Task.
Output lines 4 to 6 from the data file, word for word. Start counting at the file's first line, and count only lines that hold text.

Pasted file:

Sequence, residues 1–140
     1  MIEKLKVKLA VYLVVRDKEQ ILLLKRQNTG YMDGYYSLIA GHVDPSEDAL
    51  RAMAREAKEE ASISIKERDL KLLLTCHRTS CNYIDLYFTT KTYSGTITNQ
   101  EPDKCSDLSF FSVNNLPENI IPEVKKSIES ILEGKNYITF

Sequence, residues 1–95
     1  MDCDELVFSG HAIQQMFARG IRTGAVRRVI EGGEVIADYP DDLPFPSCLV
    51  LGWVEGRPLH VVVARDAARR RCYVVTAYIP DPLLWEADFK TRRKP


   101  EPDKCSDLSF FSVNNLPENI IPEVKKSIES ILEGKNYITF

Sequence, residues 1–95
     1  MDCDELVFSG HAIQQMFARG IRTGAVRRVI EGGEVIADYP DDLPFPSCLV